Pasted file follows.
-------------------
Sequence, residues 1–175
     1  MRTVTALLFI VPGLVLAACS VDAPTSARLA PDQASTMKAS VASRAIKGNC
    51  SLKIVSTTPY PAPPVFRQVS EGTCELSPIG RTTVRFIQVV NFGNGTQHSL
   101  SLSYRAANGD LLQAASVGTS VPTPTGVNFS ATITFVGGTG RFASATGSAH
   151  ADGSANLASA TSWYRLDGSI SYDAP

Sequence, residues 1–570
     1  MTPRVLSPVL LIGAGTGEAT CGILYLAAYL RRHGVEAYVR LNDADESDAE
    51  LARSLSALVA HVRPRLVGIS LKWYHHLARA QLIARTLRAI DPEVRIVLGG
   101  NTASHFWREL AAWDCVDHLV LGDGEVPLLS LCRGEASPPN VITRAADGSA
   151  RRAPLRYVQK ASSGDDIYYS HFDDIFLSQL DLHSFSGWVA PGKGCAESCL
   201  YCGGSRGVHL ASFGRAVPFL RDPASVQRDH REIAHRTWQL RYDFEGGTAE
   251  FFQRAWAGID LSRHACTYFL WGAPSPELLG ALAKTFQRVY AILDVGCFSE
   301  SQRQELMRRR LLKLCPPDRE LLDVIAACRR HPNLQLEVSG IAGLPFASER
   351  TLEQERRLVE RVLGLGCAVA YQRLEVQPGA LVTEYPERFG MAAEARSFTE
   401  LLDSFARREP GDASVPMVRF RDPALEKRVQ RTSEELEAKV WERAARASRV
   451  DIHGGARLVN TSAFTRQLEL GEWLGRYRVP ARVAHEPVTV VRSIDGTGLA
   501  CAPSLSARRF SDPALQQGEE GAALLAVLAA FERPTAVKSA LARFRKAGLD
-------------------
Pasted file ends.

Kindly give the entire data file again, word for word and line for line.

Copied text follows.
Sequence, residues 1–175
     1  MRTVTALLFI VPGLVLAACS VDAPTSARLA PDQASTMKAS VASRAIKGNC
    51  SLKIVSTTPY PAPPVFRQVS EGTCELSPIG RTTVRFIQVV NFGNGTQHSL
   101  SLSYRAANGD LLQAASVGTS VPTPTGVNFS ATITFVGGTG RFASATGSAH
   151  ADGSANLASA TSWYRLDGSI SYDAP

Sequence, residues 1–570
     1  MTPRVLSPVL LIGAGTGEAT CGILYLAAYL RRHGVEAYVR LNDADESDAE
    51  LARSLSALVA HVRPRLVGIS LKWYHHLARA QLIARTLRAI DPEVRIVLGG
   101  NTASHFWREL AAWDCVDHLV LGDGEVPLLS LCRGEASPPN VITRAADGSA
   151  RRAPLRYVQK ASSGDDIYYS HFDDIFLSQL DLHSFSGWVA PGKGCAESCL
   201  YCGGSRGVHL ASFGRAVPFL RDPASVQRDH REIAHRTWQL RYDFEGGTAE
   251  FFQRAWAGID LSRHACTYFL WGAPSPELLG ALAKTFQRVY AILDVGCFSE
   301  SQRQELMRRR LLKLCPPDRE LLDVIAACRR HPNLQLEVSG IAGLPFASER
   351  TLEQERRLVE RVLGLGCAVA YQRLEVQPGA LVTEYPERFG MAAEARSFTE
   401  LLDSFARREP GDASVPMVRF RDPALEKRVQ RTSEELEAKV WERAARASRV
   451  DIHGGARLVN TSAFTRQLEL GEWLGRYRVP ARVAHEPVTV VRSIDGTGLA
   501  CAPSLSARRF SDPALQQGEE GAALLAVLAA FERPTAVKSA LARFRKAGLD